Stainless Steels: Cost-effective Materials

Different grades available for different applications
By Kristina Osterman | June 12, 2012

Stainless steels are the materials of choice for numerous applications in ethanol plants and have an excellent track record. They offer excellent corrosion resistance, good strength and high ductility and toughness. Stainless steels are easily maintained and give an attractive, hygienic, high-tech appearance. The 100 percent recyclability of stainless steel supports the biofuels industry’s long term sustainability concepts and goals.

An increasing number of ethanol process engineering companies specify stainless steel for equipment. Companies are aware that construction, handling and fabrication costs can frequently be lower when stainless steels are used, compared to much heavier carbon steels. 

There is sometimes still a perception that stainless steels are expensive materials, and that they should be confined to more corrosive applications. The many advantages of stainless steels, however, allow them to be used cost effectively. This has been demonstrated extensively and successfully in ethanol plants in all main producing regions. As the industry grows and develops, this trend becomes clearer. This does not mean that stainless steels are economically justified in every application. Nevertheless, ethanol plants will increasingly be looking for reliable operation, low-maintenance cost and long-lasting service, which stainless steels provide.
 
General Process Conditions
Ethanol production processes are moderately corrosive, with pH ranging from 5.8 to 2 (slightly to moderately acidic) in most parts of the production process. Temperatures are often relatively low, with a few exceptions where they will reach 115 degrees Celsius (240 degrees Fahrenheit). Standard austenitic stainless steels are therefore widely used and recognized as cost-effective and reliable materials solutions.

We estimate that close to 90 percent of stainless steel used in existing ethanol plants is accounted for by Type 304 (UNS S30400) or its low-carbon version, 304L (S30403) stainless steel. The L grade is preferable where welding will be done. These popular stainless steel grades often meet the required corrosion resistance and are readily available in all required product forms all over the world.

Sometimes 316L (S31603) stainless steel will be specified where the operating conditions in the ethanol production process are more corrosive due to higher temperatures and/or  the presence of acids, cleaning agents or higher levels of chloride from feedstocks. In addition, there can be selected applications for specialty stainless steel grades and even for nickel alloys.

There are some differences between the stainless steel requirements for dry milling and wet milling. In dry milling, the stainless steel used is primarily Type 304(L).  In the milling section of the wet milling process, Type 316(L) stainless will be specified for equipment as the corn will be steeped in a more corrosive solution, containing sulfur dioxide (SO2) and lactic acid.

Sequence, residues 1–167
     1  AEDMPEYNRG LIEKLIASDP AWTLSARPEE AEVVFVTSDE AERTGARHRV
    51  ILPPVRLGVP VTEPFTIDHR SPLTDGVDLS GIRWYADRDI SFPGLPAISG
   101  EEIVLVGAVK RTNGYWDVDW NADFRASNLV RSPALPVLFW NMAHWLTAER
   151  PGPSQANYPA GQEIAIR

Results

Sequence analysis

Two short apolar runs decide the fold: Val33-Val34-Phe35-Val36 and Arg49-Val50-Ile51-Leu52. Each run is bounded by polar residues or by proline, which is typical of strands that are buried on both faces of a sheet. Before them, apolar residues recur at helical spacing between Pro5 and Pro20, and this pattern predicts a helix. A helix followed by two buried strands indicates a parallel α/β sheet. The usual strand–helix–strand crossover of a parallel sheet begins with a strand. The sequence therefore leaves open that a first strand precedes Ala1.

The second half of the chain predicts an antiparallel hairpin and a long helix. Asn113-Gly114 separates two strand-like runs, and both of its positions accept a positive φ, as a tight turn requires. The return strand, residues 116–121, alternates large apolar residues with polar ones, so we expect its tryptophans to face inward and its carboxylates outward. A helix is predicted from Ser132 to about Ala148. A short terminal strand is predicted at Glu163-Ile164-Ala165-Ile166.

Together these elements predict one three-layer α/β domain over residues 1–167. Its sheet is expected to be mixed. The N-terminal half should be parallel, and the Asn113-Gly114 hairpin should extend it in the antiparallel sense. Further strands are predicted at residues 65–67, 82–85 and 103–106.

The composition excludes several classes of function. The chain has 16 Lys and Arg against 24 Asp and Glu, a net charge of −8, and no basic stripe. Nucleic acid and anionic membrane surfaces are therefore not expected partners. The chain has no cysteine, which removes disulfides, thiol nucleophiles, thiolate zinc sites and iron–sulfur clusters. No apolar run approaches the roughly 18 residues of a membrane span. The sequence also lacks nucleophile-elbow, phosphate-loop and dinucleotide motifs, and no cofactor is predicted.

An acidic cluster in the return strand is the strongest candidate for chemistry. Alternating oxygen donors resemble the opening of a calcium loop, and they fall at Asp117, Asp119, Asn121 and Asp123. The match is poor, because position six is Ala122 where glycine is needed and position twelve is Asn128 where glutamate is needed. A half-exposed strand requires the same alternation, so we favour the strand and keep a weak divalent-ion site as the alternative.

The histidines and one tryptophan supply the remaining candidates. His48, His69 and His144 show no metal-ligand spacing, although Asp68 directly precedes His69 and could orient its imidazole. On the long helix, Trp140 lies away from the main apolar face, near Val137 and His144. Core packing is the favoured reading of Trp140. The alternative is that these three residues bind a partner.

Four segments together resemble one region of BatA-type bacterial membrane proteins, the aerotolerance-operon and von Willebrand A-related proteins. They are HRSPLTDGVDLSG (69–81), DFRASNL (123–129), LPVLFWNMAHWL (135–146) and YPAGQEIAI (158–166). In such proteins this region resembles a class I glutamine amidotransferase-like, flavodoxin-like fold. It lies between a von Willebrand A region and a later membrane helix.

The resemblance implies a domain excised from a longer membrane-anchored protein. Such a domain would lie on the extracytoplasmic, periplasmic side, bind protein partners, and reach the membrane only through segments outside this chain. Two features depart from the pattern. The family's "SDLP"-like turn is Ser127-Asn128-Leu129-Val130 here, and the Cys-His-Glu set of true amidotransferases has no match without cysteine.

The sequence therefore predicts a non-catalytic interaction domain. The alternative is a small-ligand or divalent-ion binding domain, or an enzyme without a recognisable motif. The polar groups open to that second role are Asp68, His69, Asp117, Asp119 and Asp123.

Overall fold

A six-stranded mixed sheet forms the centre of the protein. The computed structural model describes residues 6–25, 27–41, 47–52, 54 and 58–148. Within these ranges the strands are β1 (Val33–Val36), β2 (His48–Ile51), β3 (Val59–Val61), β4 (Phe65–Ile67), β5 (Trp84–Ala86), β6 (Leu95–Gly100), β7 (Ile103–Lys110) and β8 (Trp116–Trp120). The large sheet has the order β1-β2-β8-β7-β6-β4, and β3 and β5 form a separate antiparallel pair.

There is a similar scenario regarding materials used for evaporators and dryers. In a dry milling ethanol plant, this equipment will typically be made from Type 304(L). The same equipment used in wet milling plants preferably will be made of Type 316(L) stainless steel, which offers improved corrosion resistance.

Cellulosic Pretreatment Needs
The pretreatment phase of cellulosic ethanol process designs can be considerably more corrosive than the rest of the production process. This is particularly the case in plants using acid hydrolysis, where the biomass is treated with diluted sulfuric acid at high temperatures up to 240 C and under high pressure. With such a highly corrosive operating environment, nickel alloys such as Alloy C276 (UNS N10276) and other C-type nickel alloys must be used. The concentrated acid hydrolysis process, using higher sulfuric acid concentrations but much lower temperatures, is somewhat less corrosive.

Many pretreatment process technologies designed for enzymatic hydrolysis break down the crystalline structure of the lignocellulose to remove the lignin and liberate the cellulose and hemicellulose molecules. Depending on the biomass feedstock, physical or chemical methods will be used.  Some of the most cost-effective technologies may involve a combination of an acid pretreatment stage and enzymatic hydrolysis. Various stainless steel grades and nickel alloys have been tested and used for the pretreatment production equipment in both pilot and commercial plants. These include Types 316(L) and 316Ti (S31653) and specialty stainless grades, such as 904L (N08904), duplex 2205 (S32205) and super duplex grades such as 2507 (S32750). Super-austenitic 6 percent molybdenum alloys have been tested and used. Trademarked names for these grades include 254SMO and AL-6XN.

Thermochemical technologies can also be used for biomass pretreatment processing. Specialized high temperature alloys may be required for equipment used in the related operating environments.